In July I went with some friends from GNPC to the War & Peace show in Paddock Wood. I was hoping for some good candid portraits of the re-enacters so packed the lens in my bag.
It did prove to be a great portrait lens during the day. I loved this picture of a young “German” airman – which nearly made it to image of the day for Day #1299. But I did feel a bit conspicuous wandering around with the “white” lens and got asked several times if I was from the press!
In September a friend and I attended the London Tattoo Convention for the first time. We weren’t quite sure what to expect but knew there would be plenty of opportunity for people-watching – so again, the 70-200 was packed in the kit bag.
The folks there were very friendly and approachable, many of them more than happy to pose for photos.
The halls where the event was held were quite dingy, so I was once more hampered by the lack of IS with the lens. The best shots I got all day were in the central courtyard which has huge skylights in the roof. This red head was being pursued by many paparazzi so I was lucky the 200mm focal length got me a shot between other people’s heads!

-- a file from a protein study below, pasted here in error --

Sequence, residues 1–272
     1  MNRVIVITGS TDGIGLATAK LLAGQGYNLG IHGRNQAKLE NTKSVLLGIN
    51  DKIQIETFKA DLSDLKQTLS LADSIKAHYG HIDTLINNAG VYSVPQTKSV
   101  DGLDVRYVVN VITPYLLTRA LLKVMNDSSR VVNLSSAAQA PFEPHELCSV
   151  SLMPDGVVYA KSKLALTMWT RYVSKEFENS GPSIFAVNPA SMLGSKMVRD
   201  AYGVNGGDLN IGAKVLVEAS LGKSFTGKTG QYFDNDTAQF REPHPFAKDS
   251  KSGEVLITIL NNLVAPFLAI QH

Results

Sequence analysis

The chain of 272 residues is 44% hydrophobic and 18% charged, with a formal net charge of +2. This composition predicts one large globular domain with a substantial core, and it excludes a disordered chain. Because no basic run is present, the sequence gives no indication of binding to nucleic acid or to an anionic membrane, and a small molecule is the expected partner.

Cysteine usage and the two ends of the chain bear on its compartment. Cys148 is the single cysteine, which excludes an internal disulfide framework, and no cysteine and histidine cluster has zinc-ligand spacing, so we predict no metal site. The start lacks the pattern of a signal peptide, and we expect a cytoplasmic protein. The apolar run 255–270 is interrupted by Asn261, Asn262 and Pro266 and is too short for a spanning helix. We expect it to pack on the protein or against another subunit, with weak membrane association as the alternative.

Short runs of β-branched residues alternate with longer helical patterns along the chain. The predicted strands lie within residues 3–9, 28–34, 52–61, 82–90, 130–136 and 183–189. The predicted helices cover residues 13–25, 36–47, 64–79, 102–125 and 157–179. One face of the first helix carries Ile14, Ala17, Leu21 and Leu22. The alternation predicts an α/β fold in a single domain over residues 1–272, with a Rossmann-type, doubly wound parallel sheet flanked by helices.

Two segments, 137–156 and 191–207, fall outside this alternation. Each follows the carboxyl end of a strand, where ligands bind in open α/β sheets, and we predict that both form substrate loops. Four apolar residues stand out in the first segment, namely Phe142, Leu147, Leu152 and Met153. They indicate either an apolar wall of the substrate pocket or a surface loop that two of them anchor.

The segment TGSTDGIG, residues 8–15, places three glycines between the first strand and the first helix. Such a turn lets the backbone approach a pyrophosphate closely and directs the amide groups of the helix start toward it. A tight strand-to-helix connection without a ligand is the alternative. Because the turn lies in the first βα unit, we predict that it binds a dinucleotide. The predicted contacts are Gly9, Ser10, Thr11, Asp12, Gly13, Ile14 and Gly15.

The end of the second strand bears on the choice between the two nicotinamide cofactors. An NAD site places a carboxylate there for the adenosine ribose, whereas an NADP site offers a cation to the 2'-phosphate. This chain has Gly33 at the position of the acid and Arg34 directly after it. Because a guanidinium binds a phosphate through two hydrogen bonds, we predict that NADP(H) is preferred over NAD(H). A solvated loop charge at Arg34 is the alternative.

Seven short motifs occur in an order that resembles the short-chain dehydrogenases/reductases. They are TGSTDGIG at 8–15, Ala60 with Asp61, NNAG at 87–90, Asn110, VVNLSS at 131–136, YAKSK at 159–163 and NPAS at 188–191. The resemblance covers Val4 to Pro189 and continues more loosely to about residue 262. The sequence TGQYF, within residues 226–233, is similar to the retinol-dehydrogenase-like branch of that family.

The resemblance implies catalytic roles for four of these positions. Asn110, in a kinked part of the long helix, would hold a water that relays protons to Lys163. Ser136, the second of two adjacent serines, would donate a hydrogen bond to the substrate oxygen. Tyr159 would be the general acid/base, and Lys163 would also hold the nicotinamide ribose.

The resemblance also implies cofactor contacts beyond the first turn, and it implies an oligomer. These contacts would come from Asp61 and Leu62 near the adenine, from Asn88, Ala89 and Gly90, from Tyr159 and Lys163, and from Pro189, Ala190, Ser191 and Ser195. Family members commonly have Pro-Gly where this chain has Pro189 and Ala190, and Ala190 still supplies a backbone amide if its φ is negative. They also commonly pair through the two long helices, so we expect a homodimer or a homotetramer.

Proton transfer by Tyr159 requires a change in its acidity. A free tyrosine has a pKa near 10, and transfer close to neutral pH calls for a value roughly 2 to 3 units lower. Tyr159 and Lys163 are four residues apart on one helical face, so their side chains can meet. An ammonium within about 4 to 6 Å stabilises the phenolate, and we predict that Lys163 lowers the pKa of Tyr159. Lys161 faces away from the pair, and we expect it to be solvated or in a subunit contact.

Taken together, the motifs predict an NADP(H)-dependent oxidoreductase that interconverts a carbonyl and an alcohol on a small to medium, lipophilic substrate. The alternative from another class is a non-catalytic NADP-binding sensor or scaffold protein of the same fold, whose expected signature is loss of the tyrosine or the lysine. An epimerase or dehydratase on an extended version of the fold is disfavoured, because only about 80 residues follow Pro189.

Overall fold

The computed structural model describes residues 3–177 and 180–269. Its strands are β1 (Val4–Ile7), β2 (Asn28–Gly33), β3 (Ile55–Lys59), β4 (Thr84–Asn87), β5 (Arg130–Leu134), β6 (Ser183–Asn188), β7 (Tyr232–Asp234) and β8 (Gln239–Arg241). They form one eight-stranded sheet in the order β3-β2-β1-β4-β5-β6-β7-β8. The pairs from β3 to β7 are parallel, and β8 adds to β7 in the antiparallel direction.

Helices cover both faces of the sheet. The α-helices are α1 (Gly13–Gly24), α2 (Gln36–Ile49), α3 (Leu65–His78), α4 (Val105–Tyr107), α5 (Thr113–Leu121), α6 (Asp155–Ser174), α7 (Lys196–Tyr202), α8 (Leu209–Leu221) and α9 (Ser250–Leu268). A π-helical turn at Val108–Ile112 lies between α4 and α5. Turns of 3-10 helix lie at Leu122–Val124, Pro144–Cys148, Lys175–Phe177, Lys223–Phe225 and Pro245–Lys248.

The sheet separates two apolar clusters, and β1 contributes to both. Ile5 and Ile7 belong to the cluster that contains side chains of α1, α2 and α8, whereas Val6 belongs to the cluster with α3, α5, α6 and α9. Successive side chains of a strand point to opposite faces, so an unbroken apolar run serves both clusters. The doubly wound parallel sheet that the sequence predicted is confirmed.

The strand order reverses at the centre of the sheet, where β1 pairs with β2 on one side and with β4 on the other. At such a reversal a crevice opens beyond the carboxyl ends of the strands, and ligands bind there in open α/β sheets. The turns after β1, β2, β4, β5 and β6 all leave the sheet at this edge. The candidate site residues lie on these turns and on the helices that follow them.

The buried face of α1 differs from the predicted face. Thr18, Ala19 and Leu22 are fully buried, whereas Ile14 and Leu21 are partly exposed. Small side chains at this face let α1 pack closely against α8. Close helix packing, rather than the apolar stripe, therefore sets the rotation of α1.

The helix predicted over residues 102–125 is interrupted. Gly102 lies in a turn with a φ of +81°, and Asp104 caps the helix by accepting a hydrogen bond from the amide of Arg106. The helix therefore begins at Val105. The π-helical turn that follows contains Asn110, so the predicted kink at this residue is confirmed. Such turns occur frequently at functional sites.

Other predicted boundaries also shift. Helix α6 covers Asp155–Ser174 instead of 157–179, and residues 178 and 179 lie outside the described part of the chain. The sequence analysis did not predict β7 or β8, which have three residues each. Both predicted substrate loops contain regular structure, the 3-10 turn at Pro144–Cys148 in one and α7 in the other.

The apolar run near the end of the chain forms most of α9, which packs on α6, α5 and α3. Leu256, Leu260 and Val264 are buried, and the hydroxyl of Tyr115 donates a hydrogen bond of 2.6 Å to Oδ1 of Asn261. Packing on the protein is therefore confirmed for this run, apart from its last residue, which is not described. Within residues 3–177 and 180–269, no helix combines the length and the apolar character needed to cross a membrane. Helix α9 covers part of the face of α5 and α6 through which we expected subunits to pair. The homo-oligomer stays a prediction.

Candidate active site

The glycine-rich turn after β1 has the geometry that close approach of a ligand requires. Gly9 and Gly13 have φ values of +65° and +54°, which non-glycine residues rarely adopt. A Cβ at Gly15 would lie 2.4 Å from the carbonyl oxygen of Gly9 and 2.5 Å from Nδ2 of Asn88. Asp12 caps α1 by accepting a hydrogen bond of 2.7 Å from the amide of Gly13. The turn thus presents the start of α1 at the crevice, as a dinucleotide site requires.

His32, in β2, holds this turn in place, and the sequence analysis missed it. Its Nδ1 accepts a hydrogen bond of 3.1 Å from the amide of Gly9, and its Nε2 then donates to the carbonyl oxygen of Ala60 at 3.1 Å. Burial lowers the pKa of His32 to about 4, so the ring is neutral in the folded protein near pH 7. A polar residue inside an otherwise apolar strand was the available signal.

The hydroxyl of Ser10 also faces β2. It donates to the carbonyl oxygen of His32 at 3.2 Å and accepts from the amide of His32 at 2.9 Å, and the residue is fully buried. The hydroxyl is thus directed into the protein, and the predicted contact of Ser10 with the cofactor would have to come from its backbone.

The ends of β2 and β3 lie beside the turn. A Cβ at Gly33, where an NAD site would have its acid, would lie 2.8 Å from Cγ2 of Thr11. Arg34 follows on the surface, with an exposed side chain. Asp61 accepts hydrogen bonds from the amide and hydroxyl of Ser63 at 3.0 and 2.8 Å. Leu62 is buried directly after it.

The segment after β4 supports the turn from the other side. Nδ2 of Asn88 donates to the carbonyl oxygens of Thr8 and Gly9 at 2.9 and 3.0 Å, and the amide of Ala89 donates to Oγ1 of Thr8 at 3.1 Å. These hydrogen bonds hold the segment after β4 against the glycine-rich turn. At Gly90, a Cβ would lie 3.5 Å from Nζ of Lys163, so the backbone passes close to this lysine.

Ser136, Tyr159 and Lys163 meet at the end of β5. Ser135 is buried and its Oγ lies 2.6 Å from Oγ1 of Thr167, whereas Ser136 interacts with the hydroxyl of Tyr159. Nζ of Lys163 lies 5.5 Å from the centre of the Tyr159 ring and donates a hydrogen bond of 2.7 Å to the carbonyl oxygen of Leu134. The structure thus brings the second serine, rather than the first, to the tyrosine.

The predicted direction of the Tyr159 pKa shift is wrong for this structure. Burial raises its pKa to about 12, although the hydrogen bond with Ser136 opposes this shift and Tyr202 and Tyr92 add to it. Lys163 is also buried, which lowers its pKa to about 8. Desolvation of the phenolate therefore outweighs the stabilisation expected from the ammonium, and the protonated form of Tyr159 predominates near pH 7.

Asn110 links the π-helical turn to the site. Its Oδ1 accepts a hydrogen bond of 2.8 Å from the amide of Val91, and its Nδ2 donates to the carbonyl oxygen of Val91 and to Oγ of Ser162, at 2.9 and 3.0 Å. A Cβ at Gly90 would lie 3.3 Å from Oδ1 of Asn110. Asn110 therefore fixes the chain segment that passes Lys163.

There was quite a hiatus before I took the lens out again – a few days ago I attended the GB Olympic Canoeing Trials at the White Water Centre in Waltham Cross.
The primary lens I took along to capture the action was the 100-400 as I wanted to fill the frame as much as possible. But I packed the 70-200 as a backup and I’m glad I did – a few shots into the event and my 100-400 lens started playing up!
So the 70-200 proved to be a useful alternative, especially when the sun was out. The image above was made from a few feet away from the edge of the course. I didn’t have a press pass so wasn’t allowed “inside the ropes” but I still got some reasonable pictures.
Ultimately, I’m still undecided if I want to keep the lens. It didn’t cost me a lot as it was second hand. But I think 70-200 is just the wrong focal range for my current kit lineup. It overlaps the 24-105 by quite a lot, yet doesn’t really get much further at the long end to justify carrying it around. I prefer the 100-400 for sports and action shots, mainly for the versatility of zoom range and Image Stabilisation, which I do really miss on the shorter 70-200.